I became pregnant my senior year of high school. My boyfriend at the time was younger than me and I wasn’t about to ruin our futures or saddle our parents with a baby. We decided I would have an abortion. I hoped to keep my parents out of the whole situation, but my mom overheard a breakup conversation that included plans to confirm and terminate the pregnancy. She waited by the bathroom door, listening patiently to my outright weeping for a good 10 minutes eventually losing patience and demanding I come out to tell her what was going on. I lied. Told her I was upset over the breakup, but she knew better. She came right out and asked if I was pregnant. I said I didn’t know. She told me to show her my belly and poked at it with her finger and pronounced me pregnant. To this day I have no idea how that was an indicator, but she was right. She was upset, worried, and excited all at the same time. I told her there was no way I was going through with the pregnancy. Her smile broke she said, “we need to see what your Dad says.” This struck pure fear in my heart. I knew he’d agree with me, but I also knew I would have to endure a tirade that would change my relationship with my Father forever. I wasn’t wrong. The moment he branded me a slut I was no longer daddy’s girl. I was my own girl. I was strong and I wasn’t going to be bullied or berated. He threatened to kick me out of the house, I asked him how that would possibly help the situation. He yelled and blusterd and called me names. I stood there silently until he was done and went to my room. Hours later he sort of apologized after he had calmed down, I forgave him and although it did change our relationship I have rarely thought of his reaction since.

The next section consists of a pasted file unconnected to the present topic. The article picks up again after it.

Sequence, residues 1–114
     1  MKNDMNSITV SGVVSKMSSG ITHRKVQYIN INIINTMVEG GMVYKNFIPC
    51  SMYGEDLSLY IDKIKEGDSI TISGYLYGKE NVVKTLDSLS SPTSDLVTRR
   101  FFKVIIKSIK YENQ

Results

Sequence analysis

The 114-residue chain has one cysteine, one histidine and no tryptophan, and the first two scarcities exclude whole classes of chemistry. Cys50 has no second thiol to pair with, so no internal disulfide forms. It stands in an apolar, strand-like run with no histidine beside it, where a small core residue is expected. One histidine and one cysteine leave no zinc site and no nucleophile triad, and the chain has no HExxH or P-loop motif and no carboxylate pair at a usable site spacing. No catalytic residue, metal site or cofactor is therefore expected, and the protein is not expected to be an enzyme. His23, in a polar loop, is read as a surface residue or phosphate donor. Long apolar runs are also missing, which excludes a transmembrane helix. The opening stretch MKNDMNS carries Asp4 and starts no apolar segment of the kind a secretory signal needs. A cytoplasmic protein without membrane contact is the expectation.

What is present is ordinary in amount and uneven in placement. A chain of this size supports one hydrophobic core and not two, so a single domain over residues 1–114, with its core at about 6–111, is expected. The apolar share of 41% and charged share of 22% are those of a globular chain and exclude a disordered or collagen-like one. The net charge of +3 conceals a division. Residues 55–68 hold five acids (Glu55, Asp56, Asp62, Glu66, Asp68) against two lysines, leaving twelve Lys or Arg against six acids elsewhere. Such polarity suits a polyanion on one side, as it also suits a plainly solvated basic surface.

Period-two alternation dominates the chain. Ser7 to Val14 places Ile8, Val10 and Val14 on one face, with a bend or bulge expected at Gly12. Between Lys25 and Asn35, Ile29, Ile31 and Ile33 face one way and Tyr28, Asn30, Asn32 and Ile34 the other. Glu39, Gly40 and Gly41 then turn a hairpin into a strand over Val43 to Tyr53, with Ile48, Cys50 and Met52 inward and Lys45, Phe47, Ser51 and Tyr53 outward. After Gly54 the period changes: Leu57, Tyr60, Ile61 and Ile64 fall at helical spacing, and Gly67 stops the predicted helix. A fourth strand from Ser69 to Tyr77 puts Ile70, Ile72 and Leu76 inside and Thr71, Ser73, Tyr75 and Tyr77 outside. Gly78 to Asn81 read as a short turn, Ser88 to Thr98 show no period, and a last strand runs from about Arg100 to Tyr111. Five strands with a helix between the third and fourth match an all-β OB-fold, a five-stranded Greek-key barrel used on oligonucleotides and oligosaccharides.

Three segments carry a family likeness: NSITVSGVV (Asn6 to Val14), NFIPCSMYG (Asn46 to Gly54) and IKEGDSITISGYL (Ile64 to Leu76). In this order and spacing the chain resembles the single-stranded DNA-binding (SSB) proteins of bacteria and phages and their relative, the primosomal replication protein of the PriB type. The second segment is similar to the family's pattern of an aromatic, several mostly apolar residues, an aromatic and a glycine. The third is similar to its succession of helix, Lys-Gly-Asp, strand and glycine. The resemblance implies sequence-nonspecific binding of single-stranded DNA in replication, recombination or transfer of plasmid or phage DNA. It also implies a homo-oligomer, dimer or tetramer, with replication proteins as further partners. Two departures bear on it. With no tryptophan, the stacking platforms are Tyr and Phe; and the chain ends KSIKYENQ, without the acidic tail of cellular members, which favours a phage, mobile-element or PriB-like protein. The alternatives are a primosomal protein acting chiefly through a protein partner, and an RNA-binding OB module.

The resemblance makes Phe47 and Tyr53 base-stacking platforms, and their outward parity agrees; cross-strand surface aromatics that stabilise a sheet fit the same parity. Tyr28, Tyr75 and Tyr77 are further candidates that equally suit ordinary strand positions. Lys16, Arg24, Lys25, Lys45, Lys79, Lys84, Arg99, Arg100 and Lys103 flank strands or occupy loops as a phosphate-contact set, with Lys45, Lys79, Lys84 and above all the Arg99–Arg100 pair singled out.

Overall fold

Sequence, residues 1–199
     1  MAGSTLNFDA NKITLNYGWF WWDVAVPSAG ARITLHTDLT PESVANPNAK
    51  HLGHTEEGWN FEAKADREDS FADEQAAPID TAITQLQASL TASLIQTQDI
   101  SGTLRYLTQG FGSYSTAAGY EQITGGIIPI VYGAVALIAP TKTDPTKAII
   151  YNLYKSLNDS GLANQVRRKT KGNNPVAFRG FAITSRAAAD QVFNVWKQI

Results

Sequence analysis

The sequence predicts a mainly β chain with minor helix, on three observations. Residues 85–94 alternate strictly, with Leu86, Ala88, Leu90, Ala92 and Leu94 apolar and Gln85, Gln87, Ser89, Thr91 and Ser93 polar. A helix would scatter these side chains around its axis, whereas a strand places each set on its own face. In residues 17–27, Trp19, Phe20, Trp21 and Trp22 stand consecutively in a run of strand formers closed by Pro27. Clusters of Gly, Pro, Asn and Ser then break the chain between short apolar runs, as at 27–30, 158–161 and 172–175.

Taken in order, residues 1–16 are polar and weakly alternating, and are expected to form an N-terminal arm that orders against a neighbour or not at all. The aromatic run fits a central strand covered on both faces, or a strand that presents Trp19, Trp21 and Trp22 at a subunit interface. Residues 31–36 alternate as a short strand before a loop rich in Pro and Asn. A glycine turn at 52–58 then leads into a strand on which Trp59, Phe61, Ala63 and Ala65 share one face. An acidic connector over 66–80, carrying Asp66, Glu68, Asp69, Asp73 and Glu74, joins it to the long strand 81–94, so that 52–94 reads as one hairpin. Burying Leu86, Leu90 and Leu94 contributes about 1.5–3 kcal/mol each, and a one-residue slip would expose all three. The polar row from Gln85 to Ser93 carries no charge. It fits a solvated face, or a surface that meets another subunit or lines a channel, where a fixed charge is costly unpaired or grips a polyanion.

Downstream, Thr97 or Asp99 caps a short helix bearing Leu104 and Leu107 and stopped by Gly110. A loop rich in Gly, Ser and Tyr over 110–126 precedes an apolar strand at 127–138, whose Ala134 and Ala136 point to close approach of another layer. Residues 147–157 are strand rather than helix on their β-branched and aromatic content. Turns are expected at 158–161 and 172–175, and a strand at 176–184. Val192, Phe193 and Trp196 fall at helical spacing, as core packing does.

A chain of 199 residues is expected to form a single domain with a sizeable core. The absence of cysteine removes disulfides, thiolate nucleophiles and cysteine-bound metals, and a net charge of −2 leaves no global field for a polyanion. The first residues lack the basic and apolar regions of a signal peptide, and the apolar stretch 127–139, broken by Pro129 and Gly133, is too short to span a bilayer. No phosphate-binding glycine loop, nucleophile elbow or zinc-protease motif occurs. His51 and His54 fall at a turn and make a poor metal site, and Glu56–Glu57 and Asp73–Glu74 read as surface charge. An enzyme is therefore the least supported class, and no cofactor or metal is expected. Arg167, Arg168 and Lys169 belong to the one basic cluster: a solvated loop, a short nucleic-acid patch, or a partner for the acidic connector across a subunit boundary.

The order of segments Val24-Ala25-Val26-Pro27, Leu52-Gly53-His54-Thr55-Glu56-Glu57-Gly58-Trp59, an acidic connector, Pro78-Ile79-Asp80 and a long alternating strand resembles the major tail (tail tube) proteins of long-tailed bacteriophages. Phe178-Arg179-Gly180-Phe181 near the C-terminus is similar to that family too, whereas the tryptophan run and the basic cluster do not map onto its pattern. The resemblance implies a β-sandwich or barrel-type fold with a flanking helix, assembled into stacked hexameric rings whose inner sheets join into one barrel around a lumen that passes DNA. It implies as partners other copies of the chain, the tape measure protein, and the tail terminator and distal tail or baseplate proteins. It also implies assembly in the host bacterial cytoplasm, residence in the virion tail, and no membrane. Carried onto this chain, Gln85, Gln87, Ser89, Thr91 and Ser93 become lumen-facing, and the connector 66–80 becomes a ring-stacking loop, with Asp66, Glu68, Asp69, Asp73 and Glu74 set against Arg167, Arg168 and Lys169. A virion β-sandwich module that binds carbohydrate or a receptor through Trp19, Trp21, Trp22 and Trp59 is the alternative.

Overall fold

Eventually appointments were made, my pregnancy confirmed at 3 weeks and my Dad drove me to the clinic to begin the process. The night before the scheduled procedure the doctor gave me something that might cause a spontaneous abortion so the process could happen naturally. I went home and told my mom we were at the point of no return. I saw the heartbreak in her eyes. She cried for hours. I cried for hours. She was so disappointed. I was disappointed in myself. 

She still tells me how much my choice to move  forward with the abortion, when she thought I was only going to get information that night, hurt her. I remind her that she wouldn’t have her grandson or son in law if I hadn’t made that decision. I would’ve been pregnant when I met my husband or wouldn’t have met him at all. We’ve been together 23 years, we are happy and have a healthy son so I know I made the right choice.

I completed the procedure the next day. My parents were there for me, but things were strained until I was married and a mom and they were divorced and had other drama to contend with.